Now raising intellectual capital
Why are there financiers who think that they — and they alone — can run businesses where nearly everyone else who has tried has failed? There is Guy Hands with EMI and Cerberus Capital Mangement with Chrysler, but Exhibit A has to be hedge fund manager Eddie Lampert’s nearly four-year adventure with Sears.
One can admire the financiers’ ambition, the sheer audacity in going against conventional wisdom. Yet something obvious has been lacking in all their bold calculations: How to persuade consumers to buy their offerings. These have been companies that need leaders who are more like the late Billy Mays than financial wizards.
That was underscored today by Sears Holdings Corp.’s embarrassing second-quarter loss. Sales at both Sears and Kmart stores open at least a year fell 8.6 percent from the quarter a year ago. Revenue declined 10.3 percent. It’s a tough market, to be sure, and the weak housing market has dampened demand for core items like appliances. But recent results from retailers like Home Depot show that Sears’ shoppers are simply going elsewhere.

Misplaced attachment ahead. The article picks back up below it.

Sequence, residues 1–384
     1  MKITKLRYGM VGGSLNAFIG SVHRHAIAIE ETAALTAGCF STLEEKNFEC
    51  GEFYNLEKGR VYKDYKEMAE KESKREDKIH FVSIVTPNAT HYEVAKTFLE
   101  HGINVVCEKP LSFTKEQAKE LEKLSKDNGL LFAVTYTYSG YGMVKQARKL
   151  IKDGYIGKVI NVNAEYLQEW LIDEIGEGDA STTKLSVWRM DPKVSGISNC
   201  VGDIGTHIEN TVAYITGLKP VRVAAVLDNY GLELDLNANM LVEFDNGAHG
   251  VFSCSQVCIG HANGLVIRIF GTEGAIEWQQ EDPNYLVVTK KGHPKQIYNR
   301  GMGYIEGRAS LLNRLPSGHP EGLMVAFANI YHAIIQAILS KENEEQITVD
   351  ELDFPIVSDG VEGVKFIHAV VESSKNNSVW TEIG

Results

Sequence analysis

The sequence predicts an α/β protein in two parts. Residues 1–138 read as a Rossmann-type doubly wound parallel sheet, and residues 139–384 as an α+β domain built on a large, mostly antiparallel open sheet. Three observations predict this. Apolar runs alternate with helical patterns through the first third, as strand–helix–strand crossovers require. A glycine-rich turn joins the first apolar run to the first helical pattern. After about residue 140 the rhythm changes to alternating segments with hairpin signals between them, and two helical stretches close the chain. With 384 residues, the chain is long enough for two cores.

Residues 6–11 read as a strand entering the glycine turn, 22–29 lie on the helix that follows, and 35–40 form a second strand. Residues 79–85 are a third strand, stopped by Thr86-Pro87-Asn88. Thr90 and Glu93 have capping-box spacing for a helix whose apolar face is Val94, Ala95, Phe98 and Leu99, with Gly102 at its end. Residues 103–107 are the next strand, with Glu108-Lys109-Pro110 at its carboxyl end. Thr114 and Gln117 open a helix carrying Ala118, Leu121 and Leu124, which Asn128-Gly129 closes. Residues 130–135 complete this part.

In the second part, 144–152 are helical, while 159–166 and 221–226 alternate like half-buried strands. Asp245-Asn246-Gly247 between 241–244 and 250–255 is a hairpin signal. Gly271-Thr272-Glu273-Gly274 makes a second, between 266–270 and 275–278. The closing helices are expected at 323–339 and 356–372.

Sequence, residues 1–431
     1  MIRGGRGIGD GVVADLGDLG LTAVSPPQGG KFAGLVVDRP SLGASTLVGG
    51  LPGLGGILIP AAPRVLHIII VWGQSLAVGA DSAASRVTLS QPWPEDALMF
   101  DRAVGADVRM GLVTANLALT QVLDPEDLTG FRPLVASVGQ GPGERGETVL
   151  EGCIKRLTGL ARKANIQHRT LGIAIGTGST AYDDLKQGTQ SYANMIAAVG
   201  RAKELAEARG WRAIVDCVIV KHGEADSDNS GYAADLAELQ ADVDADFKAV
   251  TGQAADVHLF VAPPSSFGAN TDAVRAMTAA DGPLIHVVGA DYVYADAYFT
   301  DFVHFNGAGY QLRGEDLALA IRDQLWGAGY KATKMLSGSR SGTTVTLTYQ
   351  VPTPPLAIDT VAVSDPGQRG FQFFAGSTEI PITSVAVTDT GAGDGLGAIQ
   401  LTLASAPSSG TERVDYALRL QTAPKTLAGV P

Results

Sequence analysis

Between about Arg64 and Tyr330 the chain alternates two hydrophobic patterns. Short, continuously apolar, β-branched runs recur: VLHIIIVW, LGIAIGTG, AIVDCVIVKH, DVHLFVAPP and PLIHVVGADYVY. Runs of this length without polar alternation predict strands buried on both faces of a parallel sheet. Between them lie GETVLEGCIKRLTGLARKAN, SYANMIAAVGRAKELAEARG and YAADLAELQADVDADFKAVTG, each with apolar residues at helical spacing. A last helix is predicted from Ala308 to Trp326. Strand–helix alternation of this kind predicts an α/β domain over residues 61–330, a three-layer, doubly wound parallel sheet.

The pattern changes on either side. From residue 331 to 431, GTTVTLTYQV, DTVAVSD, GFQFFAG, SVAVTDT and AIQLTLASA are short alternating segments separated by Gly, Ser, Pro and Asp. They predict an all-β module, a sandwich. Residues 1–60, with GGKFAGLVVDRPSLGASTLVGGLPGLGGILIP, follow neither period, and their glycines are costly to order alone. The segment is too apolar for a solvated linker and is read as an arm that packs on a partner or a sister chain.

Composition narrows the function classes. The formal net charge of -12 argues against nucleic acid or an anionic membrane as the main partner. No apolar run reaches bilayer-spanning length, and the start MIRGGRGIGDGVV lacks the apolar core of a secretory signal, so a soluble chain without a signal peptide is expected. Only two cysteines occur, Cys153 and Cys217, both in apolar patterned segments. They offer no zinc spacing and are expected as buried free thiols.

“Ouch,” begins Morgan Stanley’s note to investors on the results. The Credit Suisse report is titled “Put a Fork in It.”